Looking for a timestretching/pitchshifting library that has very low latency

Hi,

I am building a plugin that uses pitch shifting and time stretching in realtime. I have tried both SoundTouch and Rubberband, and although they work well at first glance, they have >100ms latencies. I am wondering if anyone has experience on using a low latency timestretching/pitchshifting library, and can give me some guidance.

Thanks!

to be fair you’ll typically need around 512 samples of latency minimum to do stuff like this, so ~100ms is pretty decent

512 samples at 44100 Hz sample rate is around 11 ms, so an additional 90 ms of latency is quite a lot.

SoundTouch and RubberBand are not well suited for processing real time inputs, they are more meant for stuff like playing back existing samples/files.

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Here’s the real time PSOLA implementation I’m currently working on:

The idea here is that there’s one “PsolaAnalyzer” object than can communicate to an unlimited number of “PsolaShifter” objects, with the goal of lowering the CPU load because analysis is a heavy task. This repo is still a work in progress; this should make you some pitch shifted sound but there are definitely still some issues that I’m attempting to iron out. If anyone wants to cast an eye over this and help me identify & fix issues, that would be amazing… :eyes:

With this kind of algorithm, generally the latency is determined by the pitch detection required for the PSOLA’s analysis phase. With a time-domain approach like ASDF or AMDF, a good rule of thumb is for the latency to be 2 * the maximum possible detectable period (ie, 2 * the period of the lowest detectable frequency). And even if you use some sort of FFT trickery that can get away with detecting pitch from fewer samples, the resynthesis OLA process will still need analysis grains that are at least a period long, so I think it would be hard to get around requiring at least 1 or 2 input periods’ worth of latency (meaning, of course, that the actual plugin’s latency must be 1 or 2 maximum possible input periods’ worth of samples).

But even if you’re calibrating for a bass voice – let’s say your lowest possible detectable input frequency is a D2 (or midinote 38), that’s a frequency of 73.42 Hz. At a sampling rate of 44.1 kHz, a single period of this frequency is ~601 samples. So if the latency is double that, we get 1202 samples = ~27.26 milliseconds. Not terrible, but definitely perceivable.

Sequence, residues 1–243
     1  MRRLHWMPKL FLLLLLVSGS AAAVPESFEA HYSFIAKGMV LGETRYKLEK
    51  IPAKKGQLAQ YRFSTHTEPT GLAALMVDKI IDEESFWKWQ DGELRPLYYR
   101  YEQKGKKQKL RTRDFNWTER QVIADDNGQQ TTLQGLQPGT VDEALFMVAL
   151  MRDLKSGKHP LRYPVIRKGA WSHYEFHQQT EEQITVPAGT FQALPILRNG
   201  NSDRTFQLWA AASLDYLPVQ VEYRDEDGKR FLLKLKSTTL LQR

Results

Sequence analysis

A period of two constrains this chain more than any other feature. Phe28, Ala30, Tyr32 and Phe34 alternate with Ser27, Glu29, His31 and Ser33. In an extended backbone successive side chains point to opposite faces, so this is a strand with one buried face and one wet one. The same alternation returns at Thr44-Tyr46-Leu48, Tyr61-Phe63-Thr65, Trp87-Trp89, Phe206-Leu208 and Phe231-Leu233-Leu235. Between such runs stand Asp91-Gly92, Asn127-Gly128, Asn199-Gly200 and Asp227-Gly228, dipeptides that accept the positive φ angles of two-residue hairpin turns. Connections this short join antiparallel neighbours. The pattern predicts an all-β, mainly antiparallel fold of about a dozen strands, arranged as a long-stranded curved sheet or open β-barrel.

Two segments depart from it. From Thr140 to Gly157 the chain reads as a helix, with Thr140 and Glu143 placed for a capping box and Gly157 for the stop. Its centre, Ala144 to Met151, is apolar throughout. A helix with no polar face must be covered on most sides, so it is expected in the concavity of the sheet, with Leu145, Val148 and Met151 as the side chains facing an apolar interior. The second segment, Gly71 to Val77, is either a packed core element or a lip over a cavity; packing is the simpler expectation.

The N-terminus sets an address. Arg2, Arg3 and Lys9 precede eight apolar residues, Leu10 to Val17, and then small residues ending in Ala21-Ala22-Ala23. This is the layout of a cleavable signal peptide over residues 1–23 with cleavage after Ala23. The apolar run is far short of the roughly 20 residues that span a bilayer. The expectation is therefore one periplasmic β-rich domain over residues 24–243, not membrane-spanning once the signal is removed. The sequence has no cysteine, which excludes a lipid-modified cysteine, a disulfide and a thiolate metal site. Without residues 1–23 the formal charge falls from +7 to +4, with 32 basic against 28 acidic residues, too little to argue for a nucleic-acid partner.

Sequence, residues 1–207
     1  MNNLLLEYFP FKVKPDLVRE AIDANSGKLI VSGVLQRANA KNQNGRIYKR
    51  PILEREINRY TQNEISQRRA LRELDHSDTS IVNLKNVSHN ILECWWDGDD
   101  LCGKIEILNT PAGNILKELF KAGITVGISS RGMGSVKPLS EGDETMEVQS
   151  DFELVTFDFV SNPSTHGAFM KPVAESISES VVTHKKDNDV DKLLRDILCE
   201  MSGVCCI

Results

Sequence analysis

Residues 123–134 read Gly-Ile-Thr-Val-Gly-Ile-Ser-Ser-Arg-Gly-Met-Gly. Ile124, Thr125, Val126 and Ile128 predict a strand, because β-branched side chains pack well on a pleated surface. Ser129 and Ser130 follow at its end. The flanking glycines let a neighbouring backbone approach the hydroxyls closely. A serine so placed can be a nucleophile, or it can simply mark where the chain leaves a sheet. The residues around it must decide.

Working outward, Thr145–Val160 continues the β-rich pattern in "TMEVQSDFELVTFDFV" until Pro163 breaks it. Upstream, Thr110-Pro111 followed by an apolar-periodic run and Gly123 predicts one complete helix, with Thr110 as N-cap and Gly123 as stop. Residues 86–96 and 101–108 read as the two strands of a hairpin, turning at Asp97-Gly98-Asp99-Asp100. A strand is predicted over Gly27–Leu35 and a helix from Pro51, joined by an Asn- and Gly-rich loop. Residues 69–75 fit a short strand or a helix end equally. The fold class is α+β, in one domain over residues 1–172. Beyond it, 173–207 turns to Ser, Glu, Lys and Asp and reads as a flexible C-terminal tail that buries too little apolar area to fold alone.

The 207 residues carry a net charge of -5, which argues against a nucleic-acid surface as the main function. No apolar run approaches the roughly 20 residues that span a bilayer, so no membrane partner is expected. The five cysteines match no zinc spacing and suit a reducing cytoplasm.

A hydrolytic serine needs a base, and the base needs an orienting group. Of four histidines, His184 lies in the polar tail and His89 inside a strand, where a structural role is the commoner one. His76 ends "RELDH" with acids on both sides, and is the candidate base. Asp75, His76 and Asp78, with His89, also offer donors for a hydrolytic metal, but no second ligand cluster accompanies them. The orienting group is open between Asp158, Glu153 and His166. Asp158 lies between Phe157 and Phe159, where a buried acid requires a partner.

Obviously with this paradigm, the latency would decrease as the input vocal range increases. So for a soprano, if your lowest possible note can be even as high as C4 (midinote 60, frequency 261.63), the max period would be ~169 samples, making our latency 338 samples = 7.66 ms!

Here’s an example of an ASDF-based pitch detector. This is thoroughly tested and should be decently accurate. The latency is like I describe above, 2 * max input period. Let me know if it misbehaves for you.

Low latency is always a hard thing to get right, especially for live performance. There’s often a trade off between latency and sound quality (for pitch shifting in particular, sometimes lower latency equates with more distorted formants. The lowest latency you can get would be to just use a classic vocoder technique, which imprints the input signal’s formants onto a synthesized carrier signal that’s already at the desired pitch, instead of doing any actual pitch resynthesis, so those can just be one sample in, one sample out with no granularity required, I think).

I’ve found that on the pitch shifting front, PSOLA seems to be a good middle ground between latency and quality. I know less about timestretching, but AFAIK the same basic principles apply.

Hope this helps.

For low latency time stretching I get the best results from a conventional time domain pitch shifter that plays back windowed snippets at a different rate, enhanced with a correlation matching of overlapping segments that results in less perceived phasiness.
Quality depends on the input signals, the more correlated the better.